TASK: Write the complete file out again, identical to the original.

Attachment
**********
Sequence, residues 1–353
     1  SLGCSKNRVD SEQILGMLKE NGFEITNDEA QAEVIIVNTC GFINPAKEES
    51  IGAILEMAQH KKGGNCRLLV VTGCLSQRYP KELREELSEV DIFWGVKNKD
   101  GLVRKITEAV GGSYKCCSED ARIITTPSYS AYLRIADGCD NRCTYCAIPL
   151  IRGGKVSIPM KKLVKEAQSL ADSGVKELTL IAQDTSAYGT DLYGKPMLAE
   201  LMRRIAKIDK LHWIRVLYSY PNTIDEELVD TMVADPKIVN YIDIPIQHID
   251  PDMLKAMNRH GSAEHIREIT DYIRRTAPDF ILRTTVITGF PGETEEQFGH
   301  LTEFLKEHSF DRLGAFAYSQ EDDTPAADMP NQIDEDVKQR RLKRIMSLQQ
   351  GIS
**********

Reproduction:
Sequence, residues 1–353
     1  SLGCSKNRVD SEQILGMLKE NGFEITNDEA QAEVIIVNTC GFINPAKEES
    51  IGAILEMAQH KKGGNCRLLV VTGCLSQRYP KELREELSEV DIFWGVKNKD
   101  GLVRKITEAV GGSYKCCSED ARIITTPSYS AYLRIADGCD NRCTYCAIPL
   151  IRGGKVSIPM KKLVKEAQSL ADSGVKELTL IAQDTSAYGT DLYGKPMLAE
   201  LMRRIAKIDK LHWIRVLYSY PNTIDEELVD TMVADPKIVN YIDIPIQHID
   251  PDMLKAMNRH GSAEHIREIT DYIRRTAPDF ILRTTVITGF PGETEEQFGH
   301  LTEFLKEHSF DRLGAFAYSQ EDDTPAADMP NQIDEDVKQR RLKRIMSLQQ
   351  GIS